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I have often read in these forums that the generally accepted minimum amount of energy to harvest a deer is somewhere in the range of 1,000 foot pounds of energy.

What I haven't read is to effectively harvest a deer, what's the minimum required weight in grains/ounces of the projectile generating that 1,000#s' of energy?

Maybe this is more a question for those experienced in hunting with rifles where the bullet sizes are normally under 200 grains. Is that magic number is still 1,000#'s? If so, then what's the minimum grain factor....180gr, 150gr, 120gr?

I realize this is a shotgun forum and slugs/sabots are usually being discussed ranging from 260 gr (5/8 oz) in 20 ga. to 438 grains (1 oz) in 12 ga. And I guess I'm still a little hung up on at what range a 20 gauge is truly effective to. Shot placement being the same, is a 20 ga at 1700#, 1300# or 1,000#'s just as effective/deadly as a 12 ga at the same energy level or is there some point where the smaller size of the projectile enters into the equation? Knowing if that same 1,000# threshold applies to you rifle hunters using sub-200 gr. bullets would put my mind at ease!
 

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Kinetic energy = 1/2 mass x velocity^2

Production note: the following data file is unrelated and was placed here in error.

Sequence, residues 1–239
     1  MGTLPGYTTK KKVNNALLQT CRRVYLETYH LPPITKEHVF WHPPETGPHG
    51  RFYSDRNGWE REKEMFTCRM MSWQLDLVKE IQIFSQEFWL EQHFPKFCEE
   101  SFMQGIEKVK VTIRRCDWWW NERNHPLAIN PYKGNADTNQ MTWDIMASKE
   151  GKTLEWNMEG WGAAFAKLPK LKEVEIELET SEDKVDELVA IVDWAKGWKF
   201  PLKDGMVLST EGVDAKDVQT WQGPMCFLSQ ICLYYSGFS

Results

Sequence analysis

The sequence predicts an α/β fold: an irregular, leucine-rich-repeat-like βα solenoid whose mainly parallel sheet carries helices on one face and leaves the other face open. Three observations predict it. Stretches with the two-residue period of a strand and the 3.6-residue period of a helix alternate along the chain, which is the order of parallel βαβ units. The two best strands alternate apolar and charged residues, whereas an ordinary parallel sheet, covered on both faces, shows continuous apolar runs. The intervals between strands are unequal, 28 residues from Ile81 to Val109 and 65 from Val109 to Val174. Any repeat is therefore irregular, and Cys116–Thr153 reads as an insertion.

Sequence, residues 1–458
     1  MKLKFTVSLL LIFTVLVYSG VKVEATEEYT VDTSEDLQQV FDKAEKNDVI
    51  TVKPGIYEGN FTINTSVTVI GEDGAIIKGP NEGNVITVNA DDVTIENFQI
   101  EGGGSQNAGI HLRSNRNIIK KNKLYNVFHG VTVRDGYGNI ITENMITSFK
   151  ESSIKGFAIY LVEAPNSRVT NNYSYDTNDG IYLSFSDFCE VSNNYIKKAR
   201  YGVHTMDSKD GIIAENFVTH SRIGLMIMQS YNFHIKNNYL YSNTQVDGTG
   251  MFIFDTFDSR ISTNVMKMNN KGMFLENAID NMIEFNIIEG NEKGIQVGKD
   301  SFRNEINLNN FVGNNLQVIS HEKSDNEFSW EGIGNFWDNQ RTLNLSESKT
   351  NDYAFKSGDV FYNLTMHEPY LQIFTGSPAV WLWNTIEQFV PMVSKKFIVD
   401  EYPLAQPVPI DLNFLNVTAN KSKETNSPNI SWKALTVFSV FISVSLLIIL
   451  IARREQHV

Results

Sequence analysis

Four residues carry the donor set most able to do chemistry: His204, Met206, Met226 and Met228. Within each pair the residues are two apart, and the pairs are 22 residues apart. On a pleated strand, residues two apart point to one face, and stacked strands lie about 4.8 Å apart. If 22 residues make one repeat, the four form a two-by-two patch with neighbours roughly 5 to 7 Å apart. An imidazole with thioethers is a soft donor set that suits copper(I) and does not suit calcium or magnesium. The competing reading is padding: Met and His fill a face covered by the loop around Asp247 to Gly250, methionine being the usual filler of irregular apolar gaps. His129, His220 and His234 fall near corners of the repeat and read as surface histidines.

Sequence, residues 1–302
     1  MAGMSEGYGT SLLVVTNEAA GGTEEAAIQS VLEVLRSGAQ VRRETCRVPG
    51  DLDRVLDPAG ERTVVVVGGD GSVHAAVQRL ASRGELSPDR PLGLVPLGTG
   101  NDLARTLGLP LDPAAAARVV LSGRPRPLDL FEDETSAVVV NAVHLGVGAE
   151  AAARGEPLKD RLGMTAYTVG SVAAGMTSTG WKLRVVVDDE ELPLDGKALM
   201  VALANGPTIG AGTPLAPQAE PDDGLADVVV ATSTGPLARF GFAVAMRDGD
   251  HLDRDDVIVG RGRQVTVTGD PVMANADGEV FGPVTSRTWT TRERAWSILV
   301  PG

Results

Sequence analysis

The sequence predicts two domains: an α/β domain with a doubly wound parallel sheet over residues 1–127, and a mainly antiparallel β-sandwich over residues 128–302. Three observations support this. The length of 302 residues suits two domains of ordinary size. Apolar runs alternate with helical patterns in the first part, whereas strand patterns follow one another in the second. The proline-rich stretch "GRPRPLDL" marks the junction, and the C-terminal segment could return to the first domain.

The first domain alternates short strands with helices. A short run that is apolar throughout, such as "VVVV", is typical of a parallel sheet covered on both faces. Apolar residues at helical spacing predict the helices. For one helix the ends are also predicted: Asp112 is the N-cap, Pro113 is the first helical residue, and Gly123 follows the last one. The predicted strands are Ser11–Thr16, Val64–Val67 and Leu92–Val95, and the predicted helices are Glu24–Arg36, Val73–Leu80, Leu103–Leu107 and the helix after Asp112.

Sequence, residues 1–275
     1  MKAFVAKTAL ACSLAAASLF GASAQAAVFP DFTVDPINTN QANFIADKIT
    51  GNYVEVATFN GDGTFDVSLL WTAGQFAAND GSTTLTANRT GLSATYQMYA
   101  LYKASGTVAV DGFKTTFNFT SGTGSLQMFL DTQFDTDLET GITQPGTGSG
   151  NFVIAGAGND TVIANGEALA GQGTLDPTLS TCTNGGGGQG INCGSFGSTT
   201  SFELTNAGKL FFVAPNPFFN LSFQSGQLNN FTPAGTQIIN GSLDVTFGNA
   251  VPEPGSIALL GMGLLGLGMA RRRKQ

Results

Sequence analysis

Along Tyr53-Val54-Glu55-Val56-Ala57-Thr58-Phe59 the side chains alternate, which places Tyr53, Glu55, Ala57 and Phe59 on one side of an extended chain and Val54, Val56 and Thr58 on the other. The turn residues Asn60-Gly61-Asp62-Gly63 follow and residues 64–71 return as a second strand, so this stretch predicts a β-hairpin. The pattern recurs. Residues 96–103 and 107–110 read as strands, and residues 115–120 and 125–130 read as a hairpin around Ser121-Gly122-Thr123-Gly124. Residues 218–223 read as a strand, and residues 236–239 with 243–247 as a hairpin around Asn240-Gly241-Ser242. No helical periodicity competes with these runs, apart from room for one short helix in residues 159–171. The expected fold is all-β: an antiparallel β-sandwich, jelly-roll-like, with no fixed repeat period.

momentum = mass x velocity

these are the correct equations, someone else will have to apply them to your question.
 

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If you know bullet weight in grains and velocity in feet per second, you can calculate engery in ft-lbs. Multiply velocity times itself, then multiply that by bullet weight. Take that number and divide by 450,380. This gives you energy in ft-lbs.
 

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wow threads like this make my head spin cuz i got an NRA book after i finished my hunter safty class and i read a bit of it and theres countless formulas out there from everthing from figuring muzzle energy all the way to figuring felt recoil
 
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Energy of the projectile is not the sole determination of whether the bullet will harvest your deer. Diameter(caliber) velocity, shot placement and bullet construction all have a part in determining if the shot will harvest(kill) the animal. A heavy projectile in large caliber at a modest speed with a mostly non expanding bullet can knock down a deer with correct shot placement. If on the shoulder point, it will break both shoulders, blow out the heart. A high speed small (222 say) expanding bullet for deer can also break the on side shoulder, blow out the heart and kill the deer. So whether 1000 ft-lbs is magic number or not, the other factors need to be considered. A 1000 ft-lbs of energy in a light expanding varmint bullet may not down your deer but just blow a surface hole in the animal.
Shotgun slugs are generally limited by accuracy to about 100 yds or so. Whether 12 gauge or 20 gauge, you don't have to worry about energy, either will do the job. -Dick
 
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